Dark Souls II ReviewPrice:
X360, PS3, PC (April Release)
If you thought Dark Souls was a tough game to play, consider for a moment what making a sequel to it must be like. Putting aside the pressure of following up the most infamously, mysteriously captivating game of recent years, there's the double problem of preserving the absolute precision crafted into Dark Souls' many systems, while simultaneously changing, refining and improving it to make a new game feel worthwhile. It's like making a sequel to the Rubik's cube. Not a job we'd ask for, that's for sure.
So how have From Software approached this unenviable task? Well, there's a clue in that earlier paragraph. See, officially Dark Souls is a hack 'n' slash RPG, but beneath its brutal exterior Dark Souls is a puzzle game. The realm of Lordran was one giant riddle that dared the player to solve it, to unravel the secrets of its whispered story. Each area was a little maze to be navigated, each boss an enigma that shifted and changed and, of course, fought back.
As it turns out, what From have done for the difficult second album is, in the end, quite simple. They've given you a whole new puzzle to solve. And for the most part, this works.
Broadly speaking, Dark Souls II plays very similarly to the first game. Changes to the game's mechanics and balancing have been made, but they're small, initially imperceptible alterations that only become apparent during the course of your adventure. What is clearly different from the start is the world your story takes place in. Drangleic is the new conundrum that awaits your investigation through plodding feet and biting steel, a sprawling realm in which you must search for a cure to your curse by seeking out and obtaining four Great Souls which, you are told, will unlock the way to your salvation.
Aesthetically Drangleic is similar to Lordran before it. The heyday of the land is centuries behind it, and what's left is a crumbling ruin presided over by creatures long since given over to corruption. Where Drangleic really differs from Lordran is in its size. Dark Souls II's world is considerably larger than that of the previous game in both breadth and depth. It's also a more varied world, blending familiar landscapes and architecture with new and more alien areas. Places like The Forest of Fallen Giants and Heide's Tower of Flame strongly evoke the Undead Burg and Anor Londo respectively, while others like Earthen Peak and Brightcove Tseldora bring entirely new and equally awe-inspiring sights to the Souls universe.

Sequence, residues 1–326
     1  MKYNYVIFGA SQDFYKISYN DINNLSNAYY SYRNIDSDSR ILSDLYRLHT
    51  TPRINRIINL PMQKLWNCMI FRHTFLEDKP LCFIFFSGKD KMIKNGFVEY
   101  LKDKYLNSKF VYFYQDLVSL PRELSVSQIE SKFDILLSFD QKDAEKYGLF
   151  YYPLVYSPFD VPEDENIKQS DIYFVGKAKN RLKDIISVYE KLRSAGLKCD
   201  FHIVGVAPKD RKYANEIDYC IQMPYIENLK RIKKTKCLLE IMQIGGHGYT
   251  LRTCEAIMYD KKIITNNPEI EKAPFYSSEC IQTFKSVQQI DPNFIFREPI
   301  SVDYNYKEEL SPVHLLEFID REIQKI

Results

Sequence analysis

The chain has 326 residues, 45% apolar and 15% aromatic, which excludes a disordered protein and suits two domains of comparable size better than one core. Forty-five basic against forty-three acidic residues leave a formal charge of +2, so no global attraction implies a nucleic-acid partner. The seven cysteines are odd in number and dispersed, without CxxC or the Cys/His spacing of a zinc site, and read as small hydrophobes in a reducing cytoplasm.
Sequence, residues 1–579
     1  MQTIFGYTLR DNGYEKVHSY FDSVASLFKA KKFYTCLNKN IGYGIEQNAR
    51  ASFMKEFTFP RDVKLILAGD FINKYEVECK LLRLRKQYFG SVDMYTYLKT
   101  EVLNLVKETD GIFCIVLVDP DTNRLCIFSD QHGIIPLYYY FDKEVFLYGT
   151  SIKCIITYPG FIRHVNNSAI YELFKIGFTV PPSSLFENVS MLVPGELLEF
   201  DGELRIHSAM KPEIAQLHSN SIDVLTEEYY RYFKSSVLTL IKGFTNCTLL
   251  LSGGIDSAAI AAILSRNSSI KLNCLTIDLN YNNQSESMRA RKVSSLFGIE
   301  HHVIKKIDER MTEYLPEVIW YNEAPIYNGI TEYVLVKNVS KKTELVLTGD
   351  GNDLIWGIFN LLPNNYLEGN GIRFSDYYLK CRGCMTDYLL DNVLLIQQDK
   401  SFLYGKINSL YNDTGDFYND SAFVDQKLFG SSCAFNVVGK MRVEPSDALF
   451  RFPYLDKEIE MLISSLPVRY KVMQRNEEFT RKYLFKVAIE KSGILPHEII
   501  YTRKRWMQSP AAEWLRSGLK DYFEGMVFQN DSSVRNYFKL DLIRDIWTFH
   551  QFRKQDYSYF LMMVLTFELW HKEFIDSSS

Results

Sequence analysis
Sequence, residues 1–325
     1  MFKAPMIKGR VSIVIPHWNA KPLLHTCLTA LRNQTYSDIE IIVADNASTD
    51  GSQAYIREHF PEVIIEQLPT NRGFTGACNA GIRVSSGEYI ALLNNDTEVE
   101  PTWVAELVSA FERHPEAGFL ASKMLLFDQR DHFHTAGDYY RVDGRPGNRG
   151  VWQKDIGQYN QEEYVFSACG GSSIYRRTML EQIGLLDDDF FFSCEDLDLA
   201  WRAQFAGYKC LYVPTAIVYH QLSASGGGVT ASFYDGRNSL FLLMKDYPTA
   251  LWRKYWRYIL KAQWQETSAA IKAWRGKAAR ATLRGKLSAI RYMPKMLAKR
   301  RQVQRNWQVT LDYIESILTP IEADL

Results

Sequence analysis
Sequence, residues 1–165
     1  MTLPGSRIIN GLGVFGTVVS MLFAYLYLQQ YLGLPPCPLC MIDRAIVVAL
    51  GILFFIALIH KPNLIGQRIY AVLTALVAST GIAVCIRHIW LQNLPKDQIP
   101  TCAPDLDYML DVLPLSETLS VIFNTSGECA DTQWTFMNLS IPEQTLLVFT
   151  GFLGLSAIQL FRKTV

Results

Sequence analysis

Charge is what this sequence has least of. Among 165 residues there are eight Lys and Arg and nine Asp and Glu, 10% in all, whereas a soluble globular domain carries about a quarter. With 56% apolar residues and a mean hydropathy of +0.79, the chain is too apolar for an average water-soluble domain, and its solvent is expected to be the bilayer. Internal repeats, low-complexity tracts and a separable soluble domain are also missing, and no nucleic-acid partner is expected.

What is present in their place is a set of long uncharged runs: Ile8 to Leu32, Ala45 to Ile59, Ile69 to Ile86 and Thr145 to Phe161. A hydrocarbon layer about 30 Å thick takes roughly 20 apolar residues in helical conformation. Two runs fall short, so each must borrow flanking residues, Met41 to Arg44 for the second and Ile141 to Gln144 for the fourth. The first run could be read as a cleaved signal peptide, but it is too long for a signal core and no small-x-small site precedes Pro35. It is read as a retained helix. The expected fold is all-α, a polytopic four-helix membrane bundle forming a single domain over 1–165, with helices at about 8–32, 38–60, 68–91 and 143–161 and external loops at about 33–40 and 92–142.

Despite the increased visual variation, what Drangleic as a whole has in common is that it's about as friendly and welcoming as a Somali warlord. Concerns that From might have for whatever reason made the game easier can be put to rest. In any location a momentary slip of concentration or bout of overconfidence will result in a quick and messy demise, while parts of Drangleic are just as punishing as anywhere in Lordran, if not more so. The Shaded Woods are a particularly harrowing locale, where the very environment turns against you, concealing unseen horrors in one area before seemingly mocking you with maddening ambient laughter in another.
And if you want to talk bosses, Dark Souls II has definitely got you covered. There are dozens of them, and they too come in new varieties. Alongside your towering giants and swift, deadly warriors are new "swarm" type bosses who attempt to smother you through sheer numbers. They also range more broadly in terms of the challenge they offer. Some of the earlier bosses might not pose too much of a threat to an on-form Dark Souls veteran, but if you've got a mental blacklist that bears the names of the Capra Demon and Ormstein and Smough, prepare to add "Ruin Sentinals" and "The Duke's Dear Freja" to it, because they will bring you to your knees. And these are early-to-mid game adversaries, never mind the monsters which crop up later on.